Last week the nation's third-largest public pension fund announced it had established a pension abuse reporting hotline. The California State Teachers' Retirement System's new hotline enables anyone to anonymously report cases of suspected pension abuse, such as incidents of "pension spiking." That's a slick retirement planning maneuver practiced by some public-sector employees to work overtime in the years before retirement so they can get much bigger pension checks.
But what about the pension abuses that occur routinely in the private sector -- abuses that benefit the sponsoring companies but hurt their workers? I'm referring to the abuses exposed in "Retirement Heist: How Companies Plunder and Profit from the Nest Eggs of American Workers" by award-winning Wall Street Journal reporter Ellen Schultz.
Schultz says the gradual decline of traditional pension plans has little to do with the pig-in-the-python demographic trend of baby boomers all retiring at once. She blames the retirement crisis on top executives, benefits consultants and others in the retirement industry who "played a huge and hidden role in the death spiral of American pensions and benefits."
They have not been held to account for it, she says, and, "if anything, they are viewed as beleaguered captains valiantly trying to keep their overloaded ships from being sunk in a perfect storm. In reality, they're the silent pirates who looted the ships and left them to sink, along with the retirees, as they sailed away safely in their lifeboats."
Her provocative words are backed by scathing accounts of how hundreds of large companies deliberately and deceptively cut back the pension and retiree health care benefits of the rank and file while improving their own bottom lines and the pension benefits of company executives.
Cash balance plans
Case in point: Over the last couple of decades, hundreds of companies have frozen their pensions and converted them to cash balance plans. These are a rip-off to older employees because they end up with a much smaller benefit.
While employers can't take away the benefits that have accrued to workers, they can stop or slow the growth by freezing their plan or adopting a different formula. In other words, they change the rules. With traditional pensions, a worker's benefit grows at a much faster rate in the final working years before retirement because the formula is based on a worker's tenure and the average salary over the last few years of employment. Under cash balance plans, pensions freeze and begin growing at a slower, static rate.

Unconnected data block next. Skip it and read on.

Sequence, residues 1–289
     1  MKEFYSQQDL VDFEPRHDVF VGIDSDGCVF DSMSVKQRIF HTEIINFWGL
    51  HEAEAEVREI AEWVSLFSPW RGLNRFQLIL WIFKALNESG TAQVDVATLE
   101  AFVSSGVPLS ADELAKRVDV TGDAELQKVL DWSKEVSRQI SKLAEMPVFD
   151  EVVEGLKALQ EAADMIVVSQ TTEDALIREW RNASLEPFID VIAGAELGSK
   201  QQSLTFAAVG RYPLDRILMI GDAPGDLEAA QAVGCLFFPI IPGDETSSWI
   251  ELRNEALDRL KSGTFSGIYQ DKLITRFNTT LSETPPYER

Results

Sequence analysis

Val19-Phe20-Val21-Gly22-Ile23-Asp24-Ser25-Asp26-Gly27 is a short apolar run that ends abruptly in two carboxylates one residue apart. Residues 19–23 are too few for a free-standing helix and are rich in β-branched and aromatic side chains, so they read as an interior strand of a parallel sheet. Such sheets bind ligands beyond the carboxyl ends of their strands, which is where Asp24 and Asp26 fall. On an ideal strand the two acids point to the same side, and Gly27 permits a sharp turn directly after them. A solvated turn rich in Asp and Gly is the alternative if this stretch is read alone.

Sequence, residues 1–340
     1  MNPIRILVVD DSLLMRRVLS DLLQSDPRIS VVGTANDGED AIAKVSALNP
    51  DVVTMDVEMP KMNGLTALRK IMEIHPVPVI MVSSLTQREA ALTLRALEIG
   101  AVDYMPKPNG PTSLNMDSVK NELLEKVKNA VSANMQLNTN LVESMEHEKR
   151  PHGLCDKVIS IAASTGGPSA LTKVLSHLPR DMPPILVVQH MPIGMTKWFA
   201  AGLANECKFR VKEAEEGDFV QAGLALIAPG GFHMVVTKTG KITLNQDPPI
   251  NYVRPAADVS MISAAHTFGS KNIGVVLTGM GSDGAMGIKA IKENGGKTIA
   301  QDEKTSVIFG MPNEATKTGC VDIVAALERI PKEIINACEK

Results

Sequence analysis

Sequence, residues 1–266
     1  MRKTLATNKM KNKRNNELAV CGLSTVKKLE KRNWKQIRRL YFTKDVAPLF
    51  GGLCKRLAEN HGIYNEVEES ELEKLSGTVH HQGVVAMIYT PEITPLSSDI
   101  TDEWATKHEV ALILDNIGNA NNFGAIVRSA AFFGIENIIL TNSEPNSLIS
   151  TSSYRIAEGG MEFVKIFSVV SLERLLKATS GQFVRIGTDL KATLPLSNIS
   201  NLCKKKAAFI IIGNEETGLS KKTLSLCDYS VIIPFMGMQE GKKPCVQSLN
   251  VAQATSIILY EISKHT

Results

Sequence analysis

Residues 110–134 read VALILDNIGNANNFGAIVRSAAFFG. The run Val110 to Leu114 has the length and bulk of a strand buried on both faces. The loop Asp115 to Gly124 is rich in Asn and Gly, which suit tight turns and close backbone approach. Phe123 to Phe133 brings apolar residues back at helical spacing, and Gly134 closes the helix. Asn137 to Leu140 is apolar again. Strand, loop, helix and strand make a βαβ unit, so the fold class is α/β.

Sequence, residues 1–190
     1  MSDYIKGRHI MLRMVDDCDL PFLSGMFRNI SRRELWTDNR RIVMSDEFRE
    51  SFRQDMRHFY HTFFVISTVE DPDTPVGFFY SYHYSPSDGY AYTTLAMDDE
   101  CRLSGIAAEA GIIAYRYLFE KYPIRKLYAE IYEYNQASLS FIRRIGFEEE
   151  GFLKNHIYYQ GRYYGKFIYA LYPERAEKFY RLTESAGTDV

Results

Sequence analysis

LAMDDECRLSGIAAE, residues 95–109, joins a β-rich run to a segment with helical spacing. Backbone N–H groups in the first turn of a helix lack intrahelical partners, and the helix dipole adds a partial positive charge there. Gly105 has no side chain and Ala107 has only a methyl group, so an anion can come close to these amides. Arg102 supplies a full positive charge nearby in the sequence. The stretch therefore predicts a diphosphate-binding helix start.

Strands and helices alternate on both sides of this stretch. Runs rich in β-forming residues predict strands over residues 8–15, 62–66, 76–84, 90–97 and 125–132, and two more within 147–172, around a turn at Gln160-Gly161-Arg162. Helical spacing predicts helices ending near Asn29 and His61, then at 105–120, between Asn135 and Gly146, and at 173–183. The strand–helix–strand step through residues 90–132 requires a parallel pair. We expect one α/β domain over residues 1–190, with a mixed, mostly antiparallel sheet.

That may not be news, but this was to me: At some companies, when the pensions were converted, the employees' new account balances were actually reduced. Schultz explains what happens during the conversion process.
"For example, if at the time of the pension change someone had earned the equivalent of a $300,000 payout, the opening account balance might be only $250,000. Consequently, it could take years for the pay credits to build the 'balance' back up to where it had been when the pension change was made. As a result, following the change to a cash balance plan, the pensions of older workers were frozen --- in some cases for the rest of their careers. Employees didn't notice because the amounts on their 'account statements' always appeared to be growing."
How could companies get away with this if pension law protects workers from reduced benefits? Schultz says cash balance plans got around the prohibition against retroactive pension cuts by giving employees who leave the company "at least the value of the benefit they had when the pension was changed." But those who stay on and then retire end up with greatly reduced pension payouts.
Schultz goes into detail about what happened to specific employees at such companies as Cigna, IBM and AT&T, and how the benefits consultants and actuaries behind the scenes designed their marketing campaigns to deflect the truth with broad claims about the new plans' enhanced features. She then explains how pension cutbacks and surpluses as well as retirement health liabilities can be used to manipulate a company's earnings. Even financial analysts couldn't tell that the increase in income had nothing to do with widget revenues.
But that's only the tip of the iceberg. "Retirement Heist" shows how pension benefits for the privileged few have skyrocketed in recent years at the expense of the proletariat. It is a must-read for everyone who has a pension as well as their spouses.
I hope it gets the attention of those in the legislative and judicial branches who have thus far overwhelmingly sympathized with the plight of corporations. Maybe then a pension abuse hotline will be established for the rank and file, and someone will actually be on the other end, answering the phones.
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